Inside the smallest pocket of the purse, wrapped around some yellow legal pad paper, was this homemade ID. None of the edges were smooth and Layla had on a red Panama Jack shirt and braces on her bottom teeth in the picture. The ID had Layla’s birth date, school name, weight, height, and a church picture of her and her family standing in front of Mt. Calvary, but it didn’t have her name on it. I remember Layla was at least six inches shorter and fifty pounds lighter than me. On the other side of the ID, blazing across the middle in huge bleeding black marker, were the words USE THIS IN CASE OF EMERGENCIES.

Up until that point, I’d never really imagined Layla being in one emergency, much less emergencies. Part of it was Layla was a black girl and I was taught by big boys who were taught by big boys who were taught by big boys that black girls would be okay no matter what we did to them. Part of it was Layla was three whole years older than me and I never really had a conversation with her for more than eight seconds. Layla wasn’t the most stylish girl in North Jackson, but she was definitely the funniest person in Beulah Beauford’s house, and she was all-world at more things than all of us combined. She was all-world at dissing Daryl for having feet that stank through his bootleg Jordans, all-world at reminding Delaney his breaststroke was forever a “drownstroke,” and all-world at never really laughing at anyone else’s sentences until she was good and ready. I wasn’t the type of fat black boy to ever talk to fine black girls first, and Layla wasn’t the type of fine black girl to ever really talk to fat black boys like me unless she was asking me to get out of her way, walk faster, or get her some Kool-Aid.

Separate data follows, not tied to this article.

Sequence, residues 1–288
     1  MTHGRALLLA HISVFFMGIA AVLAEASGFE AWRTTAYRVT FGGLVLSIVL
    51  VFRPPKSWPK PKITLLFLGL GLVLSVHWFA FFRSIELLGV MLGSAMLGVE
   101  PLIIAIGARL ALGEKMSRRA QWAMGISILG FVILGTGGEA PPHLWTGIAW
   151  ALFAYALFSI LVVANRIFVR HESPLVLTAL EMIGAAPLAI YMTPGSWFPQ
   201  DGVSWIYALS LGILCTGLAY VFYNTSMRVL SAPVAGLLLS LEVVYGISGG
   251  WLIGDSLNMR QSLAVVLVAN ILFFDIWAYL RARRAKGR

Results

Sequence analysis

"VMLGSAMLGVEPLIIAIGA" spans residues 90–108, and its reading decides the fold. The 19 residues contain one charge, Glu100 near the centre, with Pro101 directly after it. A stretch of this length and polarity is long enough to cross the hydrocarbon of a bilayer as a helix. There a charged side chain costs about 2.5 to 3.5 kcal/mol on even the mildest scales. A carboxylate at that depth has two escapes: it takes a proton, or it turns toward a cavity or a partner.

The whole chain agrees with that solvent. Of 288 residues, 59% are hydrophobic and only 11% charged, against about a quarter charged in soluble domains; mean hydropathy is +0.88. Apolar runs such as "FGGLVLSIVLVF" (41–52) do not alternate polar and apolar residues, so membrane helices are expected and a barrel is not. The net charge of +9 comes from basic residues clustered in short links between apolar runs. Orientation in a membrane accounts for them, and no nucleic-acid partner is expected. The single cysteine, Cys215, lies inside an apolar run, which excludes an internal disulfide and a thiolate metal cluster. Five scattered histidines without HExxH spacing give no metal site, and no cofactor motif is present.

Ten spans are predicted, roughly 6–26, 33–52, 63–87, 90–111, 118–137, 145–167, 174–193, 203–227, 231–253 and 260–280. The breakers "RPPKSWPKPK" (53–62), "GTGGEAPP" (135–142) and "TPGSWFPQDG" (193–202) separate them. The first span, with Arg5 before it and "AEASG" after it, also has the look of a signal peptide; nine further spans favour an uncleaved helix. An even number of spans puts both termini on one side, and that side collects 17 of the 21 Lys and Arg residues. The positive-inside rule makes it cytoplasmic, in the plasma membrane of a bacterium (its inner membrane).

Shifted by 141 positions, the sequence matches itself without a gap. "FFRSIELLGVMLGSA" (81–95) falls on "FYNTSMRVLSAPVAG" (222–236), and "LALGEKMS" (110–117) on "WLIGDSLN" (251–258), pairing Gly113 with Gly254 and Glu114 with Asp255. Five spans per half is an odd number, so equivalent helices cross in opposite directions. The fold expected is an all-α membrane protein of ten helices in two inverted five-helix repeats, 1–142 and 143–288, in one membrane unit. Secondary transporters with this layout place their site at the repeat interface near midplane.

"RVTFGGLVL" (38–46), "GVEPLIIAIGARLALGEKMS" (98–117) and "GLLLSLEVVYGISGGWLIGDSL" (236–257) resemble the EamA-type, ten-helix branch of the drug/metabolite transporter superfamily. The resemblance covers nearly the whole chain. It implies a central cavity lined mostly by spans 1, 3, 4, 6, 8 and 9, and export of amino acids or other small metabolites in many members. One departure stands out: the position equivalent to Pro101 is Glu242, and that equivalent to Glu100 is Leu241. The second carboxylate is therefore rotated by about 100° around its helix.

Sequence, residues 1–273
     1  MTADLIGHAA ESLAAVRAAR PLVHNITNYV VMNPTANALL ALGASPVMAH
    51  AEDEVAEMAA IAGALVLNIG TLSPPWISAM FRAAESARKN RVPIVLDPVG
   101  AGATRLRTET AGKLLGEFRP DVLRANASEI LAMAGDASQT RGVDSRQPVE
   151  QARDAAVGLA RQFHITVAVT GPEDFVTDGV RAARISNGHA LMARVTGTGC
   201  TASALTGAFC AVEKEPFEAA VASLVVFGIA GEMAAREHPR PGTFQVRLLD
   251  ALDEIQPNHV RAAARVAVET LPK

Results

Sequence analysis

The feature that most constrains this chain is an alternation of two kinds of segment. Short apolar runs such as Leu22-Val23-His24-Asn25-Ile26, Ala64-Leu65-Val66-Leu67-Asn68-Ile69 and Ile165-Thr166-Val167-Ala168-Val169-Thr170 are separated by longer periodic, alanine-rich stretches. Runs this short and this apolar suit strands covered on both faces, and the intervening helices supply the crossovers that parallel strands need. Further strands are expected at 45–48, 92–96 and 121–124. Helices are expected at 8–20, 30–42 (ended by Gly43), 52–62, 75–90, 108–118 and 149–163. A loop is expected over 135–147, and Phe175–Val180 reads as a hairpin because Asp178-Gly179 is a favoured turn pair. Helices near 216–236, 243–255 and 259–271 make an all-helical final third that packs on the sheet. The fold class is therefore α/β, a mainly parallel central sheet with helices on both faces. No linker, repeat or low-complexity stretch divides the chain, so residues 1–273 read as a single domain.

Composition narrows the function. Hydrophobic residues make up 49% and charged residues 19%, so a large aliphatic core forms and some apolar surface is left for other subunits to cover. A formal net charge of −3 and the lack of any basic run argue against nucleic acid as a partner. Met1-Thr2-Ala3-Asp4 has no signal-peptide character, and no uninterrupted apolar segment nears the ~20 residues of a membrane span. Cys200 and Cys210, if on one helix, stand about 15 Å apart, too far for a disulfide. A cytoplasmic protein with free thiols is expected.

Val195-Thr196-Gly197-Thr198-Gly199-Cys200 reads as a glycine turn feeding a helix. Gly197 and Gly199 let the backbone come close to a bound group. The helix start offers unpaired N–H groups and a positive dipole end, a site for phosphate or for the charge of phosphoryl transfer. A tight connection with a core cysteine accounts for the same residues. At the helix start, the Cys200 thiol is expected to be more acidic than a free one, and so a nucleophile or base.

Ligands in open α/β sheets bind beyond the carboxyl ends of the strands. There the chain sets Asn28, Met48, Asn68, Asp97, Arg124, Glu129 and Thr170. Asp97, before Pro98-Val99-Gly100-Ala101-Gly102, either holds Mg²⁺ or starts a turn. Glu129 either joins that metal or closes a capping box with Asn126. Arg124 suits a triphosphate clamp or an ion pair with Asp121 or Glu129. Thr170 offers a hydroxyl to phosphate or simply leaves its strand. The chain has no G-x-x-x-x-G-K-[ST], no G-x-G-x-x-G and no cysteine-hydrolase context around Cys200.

I didn’t have an ID of my own, but I did have this blue velcro Jackson State University wallet with the faded tiger on the front. You gave it to me for Christmas. I kept the two-dollar bill Grandmama gave me for my birthday in it. Behind a black-and-white picture of Grandmama, in one of the folds, was one of your old licenses. You said I couldn’t leave the house without it until I got my own license. A real license, you told me way more than once, didn’t mean I was grown. It just meant I was technically protected from the Vice Lords, the Folks, and the Jackson police, who you claimed worked for Ronald Reagan and the devil.

Heavy: An American Memoir